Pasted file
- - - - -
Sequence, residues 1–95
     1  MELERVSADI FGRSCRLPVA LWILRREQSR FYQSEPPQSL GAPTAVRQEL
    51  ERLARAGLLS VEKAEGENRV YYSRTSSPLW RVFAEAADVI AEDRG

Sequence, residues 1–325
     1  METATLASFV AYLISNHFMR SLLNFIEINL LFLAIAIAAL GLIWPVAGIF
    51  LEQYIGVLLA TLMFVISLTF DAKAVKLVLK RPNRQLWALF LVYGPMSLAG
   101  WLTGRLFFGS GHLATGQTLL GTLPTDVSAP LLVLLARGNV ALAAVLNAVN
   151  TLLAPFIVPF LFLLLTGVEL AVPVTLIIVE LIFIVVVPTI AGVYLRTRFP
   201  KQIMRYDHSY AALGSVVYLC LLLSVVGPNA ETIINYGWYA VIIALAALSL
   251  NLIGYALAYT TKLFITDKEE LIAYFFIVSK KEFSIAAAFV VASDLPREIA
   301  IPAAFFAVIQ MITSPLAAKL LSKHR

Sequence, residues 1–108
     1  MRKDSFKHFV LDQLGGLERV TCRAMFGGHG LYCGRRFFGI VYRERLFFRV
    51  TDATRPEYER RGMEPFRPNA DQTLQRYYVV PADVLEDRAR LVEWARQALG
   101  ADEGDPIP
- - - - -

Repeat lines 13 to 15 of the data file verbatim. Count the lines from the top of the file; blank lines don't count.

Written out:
     1  MRKDSFKHFV LDQLGGLERV TCRAMFGGHG LYCGRRFFGI VYRERLFFRV
    51  TDATRPEYER RGMEPFRPNA DQTLQRYYVV PADVLEDRAR LVEWARQALG
   101  ADEGDPIP